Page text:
It is elementary that, while the parties may impart a new efficacy to a voidable act, they have no power to give life to an act which, from reasons of public policy, is deemed to be absolutely void. Burr v. Nivison, 75 N.J. Eq. 241; Reeves v. Butcher, 31 N.J.L. 224; Sherman v. Paterson, 82 Id. 345. A transaction which, by force of positive law, has no
[112 NJL Page 416]
validity, cannot be the subject of ratification. The effect of ratification is to impart validity to the original agreement, and, for obvious reasons, Reicher's assignment of his right of action before judgment could not be the subject of ratification. It was utterly lacking in validity. As the ratification is a substitute for original authority, the fiction is necessary that the ratification relates back to the time when the agent acted. 1 Williston on Contracts, § 278. This necessarily presupposes capacity in the principal to make such a contract at that time, and where, as here, the mere right of action cannot lawfully be the subject of an assignment, there cannot be ratification. An assignment of such a right of action before judgment would contravene the policy of our law, and would consequently be illegal and void. In Jones v. Randall, Cowp. 39, Lord Mansfield held that "many contracts which are not against morality, are still void as being against the maxims of sound policy."
But the judgment was capable of assignment, and assuming that the Walphil company, in assigning the judgment to itself, was under a misapprehension as to the authority conferred by the power of attorney, and acted beyond the scope of its authority, or that no such authority was derived therefrom because the power of attorney was in aid of a void assignment, Reicher, by his ratification of the assignment of the judgment, imparted legality to it. He thereby adopted this assignment, and made it his own. Ratification is the affirmance by a person of a prior act which did not bind him, but which was done or professedly done on his account, whereby the act, as to some or all persons, is given effect as if originally authorized by him. Upon ratification the consequences of the original transaction are the same as if it had been authorized, except in favor of persons who, because of their wrongful conduct, are not entitled to benefit, and against persons who have meanwhile acquired interests with which it would be unjust to interfere. An act which, when done, the purported or intended principal could have authorized, he can ratify, except an act the ratification of which is against public policy. 1 Agency A.L.I., §§ 82, 84. Of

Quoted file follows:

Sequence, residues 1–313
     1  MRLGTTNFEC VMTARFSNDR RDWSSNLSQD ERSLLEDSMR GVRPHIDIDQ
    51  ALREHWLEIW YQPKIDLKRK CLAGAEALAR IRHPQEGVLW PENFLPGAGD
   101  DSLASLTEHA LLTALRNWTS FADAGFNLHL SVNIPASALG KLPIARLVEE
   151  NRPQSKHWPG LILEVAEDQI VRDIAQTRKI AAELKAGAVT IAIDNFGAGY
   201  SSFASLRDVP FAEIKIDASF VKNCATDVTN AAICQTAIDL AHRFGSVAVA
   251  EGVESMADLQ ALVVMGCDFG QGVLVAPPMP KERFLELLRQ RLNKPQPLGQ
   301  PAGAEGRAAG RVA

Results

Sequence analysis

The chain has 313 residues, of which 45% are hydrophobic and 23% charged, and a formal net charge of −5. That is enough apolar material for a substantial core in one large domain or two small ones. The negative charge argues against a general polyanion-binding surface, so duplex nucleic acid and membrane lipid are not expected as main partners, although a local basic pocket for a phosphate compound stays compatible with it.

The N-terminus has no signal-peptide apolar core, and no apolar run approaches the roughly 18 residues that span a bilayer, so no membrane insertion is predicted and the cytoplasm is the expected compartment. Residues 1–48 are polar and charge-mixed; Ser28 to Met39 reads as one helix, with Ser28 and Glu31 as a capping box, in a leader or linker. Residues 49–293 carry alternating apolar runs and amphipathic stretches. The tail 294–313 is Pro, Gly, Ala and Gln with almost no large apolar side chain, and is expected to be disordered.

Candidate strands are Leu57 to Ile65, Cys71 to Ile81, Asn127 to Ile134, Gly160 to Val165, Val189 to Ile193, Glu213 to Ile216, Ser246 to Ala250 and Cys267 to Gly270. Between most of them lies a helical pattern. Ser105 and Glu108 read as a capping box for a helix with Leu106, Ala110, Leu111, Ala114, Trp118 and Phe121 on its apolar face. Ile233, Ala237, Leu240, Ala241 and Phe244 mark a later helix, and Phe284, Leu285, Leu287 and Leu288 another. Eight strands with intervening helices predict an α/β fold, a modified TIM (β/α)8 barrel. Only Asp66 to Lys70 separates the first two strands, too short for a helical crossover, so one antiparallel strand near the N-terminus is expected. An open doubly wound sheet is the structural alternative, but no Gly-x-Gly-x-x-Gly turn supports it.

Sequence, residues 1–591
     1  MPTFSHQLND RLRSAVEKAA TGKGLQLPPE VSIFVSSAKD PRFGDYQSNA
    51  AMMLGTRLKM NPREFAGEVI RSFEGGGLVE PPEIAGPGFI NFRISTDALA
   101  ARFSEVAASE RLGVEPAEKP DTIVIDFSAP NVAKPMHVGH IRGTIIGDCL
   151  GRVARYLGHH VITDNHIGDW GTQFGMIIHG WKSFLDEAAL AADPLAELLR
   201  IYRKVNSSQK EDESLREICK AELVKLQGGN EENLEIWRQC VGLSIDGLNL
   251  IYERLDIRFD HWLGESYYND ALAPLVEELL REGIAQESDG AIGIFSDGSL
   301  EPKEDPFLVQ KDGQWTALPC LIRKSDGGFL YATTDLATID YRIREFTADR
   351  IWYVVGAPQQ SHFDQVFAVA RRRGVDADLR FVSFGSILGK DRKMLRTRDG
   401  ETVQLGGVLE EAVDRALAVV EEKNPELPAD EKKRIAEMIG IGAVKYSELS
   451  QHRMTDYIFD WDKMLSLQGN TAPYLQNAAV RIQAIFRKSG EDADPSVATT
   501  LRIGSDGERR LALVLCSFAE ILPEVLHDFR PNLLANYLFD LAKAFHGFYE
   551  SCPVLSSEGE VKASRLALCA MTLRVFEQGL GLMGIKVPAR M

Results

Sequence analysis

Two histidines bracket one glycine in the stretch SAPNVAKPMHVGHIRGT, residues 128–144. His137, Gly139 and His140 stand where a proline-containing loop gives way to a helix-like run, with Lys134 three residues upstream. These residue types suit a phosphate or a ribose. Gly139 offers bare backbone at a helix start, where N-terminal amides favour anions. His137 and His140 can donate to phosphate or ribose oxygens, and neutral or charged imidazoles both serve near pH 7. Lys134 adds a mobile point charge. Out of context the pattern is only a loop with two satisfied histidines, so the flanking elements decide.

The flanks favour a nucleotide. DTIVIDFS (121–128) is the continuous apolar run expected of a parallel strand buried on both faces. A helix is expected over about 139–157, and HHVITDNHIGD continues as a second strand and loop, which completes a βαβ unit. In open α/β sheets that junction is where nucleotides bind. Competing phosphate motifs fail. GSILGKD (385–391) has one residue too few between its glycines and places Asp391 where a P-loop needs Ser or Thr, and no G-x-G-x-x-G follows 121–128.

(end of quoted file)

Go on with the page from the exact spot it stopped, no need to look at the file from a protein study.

[112 NJL Page 417]
course, ratification does not result from the affirmance of an act, unless the one acting purports to act on account of another. Ibid., § 85. But the instant case is concededly not within this exception. The ratification, therefore, related back and invested title in the assignee from the time of the assignment of the judgment.
It follows that plaintiff's levy was invalid, and he thereby acquired no lien upon the judgment recovered by Reicher, or the moneys payable thereunder. An appropriate order may be entered.